Operating Costs of a Recruitment Company

Why do recruitment firms charge so much? Today we will take a look behind the veil and analyse the costs of a standard recruitment firm. This is the first of a 3 part series of posts that will cover (or uncover) whats behind the veil of recruitment companies.

Behind the veil

For the last 30 yrs. I have been running medium sized recruitment companies and have been fortunate to experience all sorts of recruitment from industrial recruitment firms through to search firms.

The purpose of this post is to explain the cost structure of these businesses, which in turn will help you understand why some things happen, and more to the point, why a lot of things don’t.

What is a Recruitment Firm?

A recruitment firm is a sales based company, and when I say sales, I mean hard core sales.

Some organisations are very ethical and unfortunately, there are many who don’t know the meaning of ethical let alone being able to spell it.

Some firms do permanent recruitment whilst some do casual/contract/temp and then there are some that do all types of recruitment.

In most cases the only differing factor within a recruitment firm is the people. After all, the process of finding candidates and placing them in roles is not that different from firm to firm, despite what the leaders of the firm may say. However the passion, gusto, imagination and pig headedness of a great recruiter, is what makes them great; because they think differently, and won’t give up.

The structure of a recruitment firm

In general, there are 4 main sections of a recruitment firm.

  1. Operations – which consists of the do’ers – the consultants and line management as sometimes they will carry a budget*
  2. Administration – which consists of the consultant coordinators, administrators, reception, PA’s etc.
  3. Finance – which houses the payroll and accounting functions
  4. Management – which usually has the senior management (CEO/MD etc)

*Individual budgets are used to set expectations for consultants and managers. As a rule of thumb, a consultants budget is 3 times their employment costs, e.g. at a $60,000 TEC, the annual budget would be $180,000.

What is interesting is that all but 1 of the above are cost centres.

The only profit centre is the Operations team.

I made mention of Line Management in the operations section. This varies as in some organisations, managers of teams of consultants have billing responsibility and some organisations don’t.

The costs associated with running a recruitment firm

A lot of people complain about the fees that a recruitment firm charges and in many cases, those complaints are justified. However when you look behind the veil of a recruitment company you will not find a lot of fat.

There are 4 main costs associated with the recruitment firm, People, Rent, Advertising and Insurance, usually in that order.

For example, assume a firm has the following members.

  • 15 x consultants (5 teams of 3) @ $60,000 (TEC) each = $900,000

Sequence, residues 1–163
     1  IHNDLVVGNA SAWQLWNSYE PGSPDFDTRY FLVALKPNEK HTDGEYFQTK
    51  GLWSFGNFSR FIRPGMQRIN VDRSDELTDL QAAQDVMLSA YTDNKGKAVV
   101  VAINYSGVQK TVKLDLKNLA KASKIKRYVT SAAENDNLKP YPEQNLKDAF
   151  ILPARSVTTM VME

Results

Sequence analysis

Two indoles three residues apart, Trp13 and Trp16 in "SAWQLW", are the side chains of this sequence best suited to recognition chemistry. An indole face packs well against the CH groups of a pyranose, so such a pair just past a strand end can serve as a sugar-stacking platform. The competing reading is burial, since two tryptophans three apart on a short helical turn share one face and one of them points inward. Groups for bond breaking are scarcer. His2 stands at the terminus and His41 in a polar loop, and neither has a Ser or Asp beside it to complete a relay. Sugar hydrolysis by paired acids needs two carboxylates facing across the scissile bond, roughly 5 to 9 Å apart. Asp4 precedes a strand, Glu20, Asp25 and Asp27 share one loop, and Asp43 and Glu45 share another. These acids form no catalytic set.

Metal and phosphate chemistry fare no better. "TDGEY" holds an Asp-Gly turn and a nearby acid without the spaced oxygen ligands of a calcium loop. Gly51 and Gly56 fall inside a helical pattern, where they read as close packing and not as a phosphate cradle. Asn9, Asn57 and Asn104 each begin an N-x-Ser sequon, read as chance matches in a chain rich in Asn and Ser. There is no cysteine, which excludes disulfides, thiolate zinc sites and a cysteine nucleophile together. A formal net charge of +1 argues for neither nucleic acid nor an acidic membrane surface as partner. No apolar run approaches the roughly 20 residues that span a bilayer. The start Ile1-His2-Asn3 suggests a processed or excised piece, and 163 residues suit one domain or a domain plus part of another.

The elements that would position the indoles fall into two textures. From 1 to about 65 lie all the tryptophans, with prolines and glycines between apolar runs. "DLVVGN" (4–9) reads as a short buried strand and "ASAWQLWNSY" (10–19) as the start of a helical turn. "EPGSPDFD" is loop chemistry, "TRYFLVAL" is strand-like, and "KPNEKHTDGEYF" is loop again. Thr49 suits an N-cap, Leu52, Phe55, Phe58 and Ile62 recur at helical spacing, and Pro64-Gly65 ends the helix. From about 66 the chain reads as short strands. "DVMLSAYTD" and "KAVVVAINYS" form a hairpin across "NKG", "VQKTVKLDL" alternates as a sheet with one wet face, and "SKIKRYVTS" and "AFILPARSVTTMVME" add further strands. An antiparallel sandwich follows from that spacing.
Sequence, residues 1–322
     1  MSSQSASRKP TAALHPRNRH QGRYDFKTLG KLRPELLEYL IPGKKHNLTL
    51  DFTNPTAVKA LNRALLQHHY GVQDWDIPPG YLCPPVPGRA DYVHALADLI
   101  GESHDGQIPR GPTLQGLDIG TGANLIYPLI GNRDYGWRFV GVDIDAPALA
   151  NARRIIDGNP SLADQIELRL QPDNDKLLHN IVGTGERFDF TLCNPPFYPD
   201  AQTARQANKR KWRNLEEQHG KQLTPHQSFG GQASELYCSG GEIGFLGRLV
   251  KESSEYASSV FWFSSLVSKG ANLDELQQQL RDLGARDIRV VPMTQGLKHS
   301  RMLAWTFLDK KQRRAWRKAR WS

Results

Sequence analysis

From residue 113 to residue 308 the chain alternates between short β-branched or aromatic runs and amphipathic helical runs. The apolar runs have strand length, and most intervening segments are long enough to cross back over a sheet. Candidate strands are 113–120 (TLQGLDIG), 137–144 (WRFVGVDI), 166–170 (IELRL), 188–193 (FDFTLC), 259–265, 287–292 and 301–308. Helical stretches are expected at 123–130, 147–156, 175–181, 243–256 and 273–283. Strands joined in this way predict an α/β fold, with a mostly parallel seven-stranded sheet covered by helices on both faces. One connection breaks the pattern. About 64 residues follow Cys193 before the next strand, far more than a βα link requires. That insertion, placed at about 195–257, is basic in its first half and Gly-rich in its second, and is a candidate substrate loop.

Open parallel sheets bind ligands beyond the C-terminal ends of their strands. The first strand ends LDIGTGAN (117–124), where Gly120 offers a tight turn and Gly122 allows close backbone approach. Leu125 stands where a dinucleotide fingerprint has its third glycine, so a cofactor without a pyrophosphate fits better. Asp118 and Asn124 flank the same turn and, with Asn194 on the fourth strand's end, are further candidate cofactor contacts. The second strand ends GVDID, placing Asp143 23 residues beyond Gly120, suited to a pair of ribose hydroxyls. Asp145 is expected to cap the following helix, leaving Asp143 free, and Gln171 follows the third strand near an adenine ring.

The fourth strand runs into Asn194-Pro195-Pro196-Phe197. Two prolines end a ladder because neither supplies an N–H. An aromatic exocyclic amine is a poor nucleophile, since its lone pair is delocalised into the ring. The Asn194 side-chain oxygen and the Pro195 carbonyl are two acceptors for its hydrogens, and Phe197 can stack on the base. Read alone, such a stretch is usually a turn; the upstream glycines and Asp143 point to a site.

• 5 x coordinators/pa’s (usually 1 for every 3 consultants) @ $50,000 each = $250,000
  • 2 x Line Managers @ $100,000 = $200,000
  • 1 x CEO/MD @ $200,000 = $200,000
  • 1 x Office manager @ $70,000
  • 1 x Receptionist @ $40,000
  • 4 x people in finance (including payroll) @ $65,000 each = $260,000

NB: These costs are optimistic and I haven’t included any cost for commission/bonus and IT as assuming it is outsourced.

That is a total annual salary costs of $1,920,000

Rent – Assume there are 2 offices, one in the CBD and one in the suburbs. Therefore rent and associated costs are $300,000

Advertising – Advertising costs are increasing. Years ago an ad on the local internet job boards was around $20. Today these costs have increased and now 1 ad is around $80 (depending on volume discounts). Assume there are 3 ads per consultants (17 including line managers) per week @ $80 per ad = $212,160 per annum

Insurance – Insurance covers workers compensation, public indemnity, and professional indemnity. Insurance Costs = $200,000 per annum

Other – General overhead e.g., electricity, water, consumables, etc @ $3,000 per head per annum  = $87,000

Total expenses = 2,619,000 per annum (and that is being extremely optimistic)

We now need the operations to deliver $2,619,000 (gross profit) in the year just to cover the running costs of the business. Assuming the 2 line managers carry a budget, that is $154,000 per billing head.

Lets break this down a bit.

Assume that the organisation only does permanent work, and the average role being worked on carries a salary (TEC) of $60,000 and the average margin is 15% for the recruitment work. Therefore the average invoice value for the recruitment firm is $9,000.

The firm needs to close 291 roles in the year, (or 17 each billing person) to cover its costs. However, if the average invoice value dropped to $7,000 due to margin pressure, the number of roles required to cover costs is now 374 (or 22 each person).

And that is why, it is hard to get a consultant to drop their rates.

As can be seen from the above, the costs associated with these organisations are not elaborate. They are all made up of people who basically provide a service.

In the next post of this series, we will be exploring why recruiters (in-house/internal and agency) seem so unreliable.

 

Author: Steven Begg Twitter: @stevenbegg  @inhouserecgroup

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Allister posted this the other day and I think it is absolutely brilliant! Congratulations to Andrew Mason. Accountability until the very end.